Jamie Foxx has won a plethora of major awards including an Oscar and Grammy. But after the African American Film Critics Association recognized him Jan. 22, the actor-singer called its honor just as special.
Foxx along with Eddie Murphy and Jordan Peele were among some of the honorees at the 11th annual ceremony in Los Angeles.
“People say so much about the other awards, but it’s special when it comes from your own people,” said Foxx, who won best supporting actor for his role in “Just Mercy.”
“It’s just special,” he said after receiving the award from the organization, which actively reviews films with an emphasis on projects that include the Black experience. The awards mainly highlight films produced, written, directed and starring people from the African diaspora along with other ethnic projects that break new ground.
“The reason that this was so special to me is because it was personal,” said Foxx. “Just Mercy” follows a young lawyer ( Micheal B. Jordan) who gets wrongly accused men off death row. “My father who raised me, they put him in jail for $25 of illegal substances for seven years. What they don’t understand is that my father taught me how to play football, taught me how to play basketball … he taught me how to play tennis. I said why am I doing what white people do? He said ‘I don’t want you to be limited.’ But when they put him in jail … and the judge that presided over his case … they put him in jail right next to some of the kids he taught.
“I told him I don’t like going to jail .. so I can’t come visit you because I see you as a king. I wrote him one letter. And when he did get out, he’s lived with me now for 20 years. On top of that, I got a chance to take him to the US Open and he got a chance to watch Venus and Serena play and he sat there with tears down his cheek. He got to see this movie and he was moved by it.”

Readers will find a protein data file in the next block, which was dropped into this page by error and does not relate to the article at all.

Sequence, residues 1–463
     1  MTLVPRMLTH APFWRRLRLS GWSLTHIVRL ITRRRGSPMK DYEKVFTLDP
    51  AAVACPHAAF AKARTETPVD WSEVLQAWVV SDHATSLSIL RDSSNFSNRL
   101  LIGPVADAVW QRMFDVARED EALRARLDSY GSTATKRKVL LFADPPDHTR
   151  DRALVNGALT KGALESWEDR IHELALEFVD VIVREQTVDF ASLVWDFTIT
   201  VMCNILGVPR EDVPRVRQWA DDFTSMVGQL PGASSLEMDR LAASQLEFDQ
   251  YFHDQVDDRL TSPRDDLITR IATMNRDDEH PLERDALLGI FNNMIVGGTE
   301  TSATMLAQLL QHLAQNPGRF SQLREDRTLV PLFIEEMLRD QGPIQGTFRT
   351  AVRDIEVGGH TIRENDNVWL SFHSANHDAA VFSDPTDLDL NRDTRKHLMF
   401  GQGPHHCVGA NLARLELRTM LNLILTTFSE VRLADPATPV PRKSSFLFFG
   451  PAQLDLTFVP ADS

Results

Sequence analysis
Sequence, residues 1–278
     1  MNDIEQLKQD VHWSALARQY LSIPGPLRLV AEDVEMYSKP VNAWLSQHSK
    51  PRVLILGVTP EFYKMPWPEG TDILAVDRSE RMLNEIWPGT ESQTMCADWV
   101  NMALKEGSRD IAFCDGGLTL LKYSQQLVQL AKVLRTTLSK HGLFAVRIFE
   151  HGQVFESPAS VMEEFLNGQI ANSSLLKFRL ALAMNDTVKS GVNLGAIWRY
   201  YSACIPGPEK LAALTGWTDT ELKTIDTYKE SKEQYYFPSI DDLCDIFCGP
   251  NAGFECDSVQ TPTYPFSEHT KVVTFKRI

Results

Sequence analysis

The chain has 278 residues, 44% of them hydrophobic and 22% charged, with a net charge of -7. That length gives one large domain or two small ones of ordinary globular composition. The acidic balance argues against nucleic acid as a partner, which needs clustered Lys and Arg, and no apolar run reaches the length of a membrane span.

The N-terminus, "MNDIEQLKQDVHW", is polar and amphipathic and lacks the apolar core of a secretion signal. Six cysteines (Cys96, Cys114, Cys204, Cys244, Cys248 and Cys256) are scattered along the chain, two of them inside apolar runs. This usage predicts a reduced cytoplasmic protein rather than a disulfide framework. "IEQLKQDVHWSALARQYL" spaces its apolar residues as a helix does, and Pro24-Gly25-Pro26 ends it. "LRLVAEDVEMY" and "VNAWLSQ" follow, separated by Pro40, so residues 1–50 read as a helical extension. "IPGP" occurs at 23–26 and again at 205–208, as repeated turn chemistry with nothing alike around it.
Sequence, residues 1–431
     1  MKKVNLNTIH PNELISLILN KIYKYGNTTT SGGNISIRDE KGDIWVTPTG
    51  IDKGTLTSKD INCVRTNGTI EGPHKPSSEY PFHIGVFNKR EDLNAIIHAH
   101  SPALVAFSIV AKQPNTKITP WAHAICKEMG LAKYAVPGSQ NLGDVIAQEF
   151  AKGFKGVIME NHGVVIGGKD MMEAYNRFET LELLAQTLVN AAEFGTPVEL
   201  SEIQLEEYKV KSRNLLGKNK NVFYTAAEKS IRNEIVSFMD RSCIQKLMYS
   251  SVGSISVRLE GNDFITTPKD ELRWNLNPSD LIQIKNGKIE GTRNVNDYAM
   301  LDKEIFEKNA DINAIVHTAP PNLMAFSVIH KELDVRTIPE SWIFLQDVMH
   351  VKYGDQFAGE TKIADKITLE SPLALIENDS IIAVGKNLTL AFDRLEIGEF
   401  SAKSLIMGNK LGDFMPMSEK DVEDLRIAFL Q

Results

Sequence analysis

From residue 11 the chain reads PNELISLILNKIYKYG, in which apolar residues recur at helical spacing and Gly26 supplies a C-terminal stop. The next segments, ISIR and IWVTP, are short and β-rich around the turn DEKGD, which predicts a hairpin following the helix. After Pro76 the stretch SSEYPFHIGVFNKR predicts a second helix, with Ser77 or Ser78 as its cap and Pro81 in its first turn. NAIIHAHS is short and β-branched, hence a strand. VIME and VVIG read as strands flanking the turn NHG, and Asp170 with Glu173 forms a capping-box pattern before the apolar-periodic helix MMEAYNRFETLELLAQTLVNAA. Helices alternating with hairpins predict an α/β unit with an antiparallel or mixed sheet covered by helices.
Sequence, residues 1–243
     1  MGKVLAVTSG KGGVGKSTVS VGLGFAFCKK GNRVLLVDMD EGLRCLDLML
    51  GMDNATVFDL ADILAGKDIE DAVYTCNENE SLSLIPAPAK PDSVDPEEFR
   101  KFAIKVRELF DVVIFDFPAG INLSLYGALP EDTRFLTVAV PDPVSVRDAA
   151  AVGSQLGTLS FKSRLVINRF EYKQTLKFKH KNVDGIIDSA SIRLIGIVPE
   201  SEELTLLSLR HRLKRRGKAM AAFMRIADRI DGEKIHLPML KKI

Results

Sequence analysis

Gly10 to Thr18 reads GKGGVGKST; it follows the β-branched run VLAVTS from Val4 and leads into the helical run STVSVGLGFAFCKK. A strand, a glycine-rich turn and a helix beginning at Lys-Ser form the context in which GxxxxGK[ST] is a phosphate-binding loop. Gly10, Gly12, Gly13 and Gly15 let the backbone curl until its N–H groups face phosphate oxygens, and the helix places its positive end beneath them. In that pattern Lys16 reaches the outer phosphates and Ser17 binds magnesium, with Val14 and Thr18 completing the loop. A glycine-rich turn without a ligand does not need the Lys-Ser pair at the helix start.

Oscar contender “Parasite,” a South Korean thriller, won two awards for best screenplay and foreign film, sharing the honor with “Atlantics,” a Senegalese love story.
Through his translator, “Parasite” director Bong Joon Ho said African Americans played a big role for him while studying cinema during college in South Korea. He said he used to create his own subtitles to Spike Lee’s “Do the Right Thing” and “Jungle Fever.”
“At the time, my English wasn’t that good, so subtitling it was quite an experience,” Bong said. “I had no idea there was various curse words in the English language. Thanks to Spike Lee, I learned so many things.”
Bong said he finally met Lee at an award show a couple weeks ago. The director took a picture with Lee, but didn’t get a chance to tell him about how he subtitled his films in college.
“If any of you guys are acquainted with him, please tell him I would like to get in touch with him,” his translator said as the audience burst into laughter.
After Bong left the stage, Academy Award-winning costume designer Ruth E. Carter — who has worked with Lee for more than 20 years — said she could put the two directors in touch with each other.
Murphy was not in attendance, but he won for best actor for his role in Netflix’s “Dolemite Is My Name.”
For a second time, a film directed by Peele won the AAFCA award for best picture. His movie “Us,” starring Lupita Nyong’o and Winston Duke, won the show’s top honor.
“For my second project, the whole question was ‘What are you going to do?’ I knew that I wanted to bring something different, something that people weren’t expecting,” said Peele, who also won for best director. In 2018, his film “Get Out” took home the award for best picture.
“I wanted to take a risk,” he continued. “It means so much to me to be acknowledged for this huge risk, this huge swing. … This encourages myself and a whole lot of other people to take big swings.”
Music exec Clarence Avant was honored with the game changer award. The Netflix documentary “The Black Godfather,” which depicts Avant’s story, was named best documentary.
Matthew Cherry, who earned his first Oscar nomination for “Hair Love,” took home the award for breakthrough director.
“Spider-Man: Into the Spider-Verse” director Peter Ramsey said Cherry “struck a nerve” with his animated short film, which delved into a story about an African-American father who learns how to style his daughter’s hair for the first time.
“It’s important to honor each other, especially when groundbreaking film making is happening,” Cherry said. “It’s been happening since the beginning of cinema, so it’s really important that we honor each other.”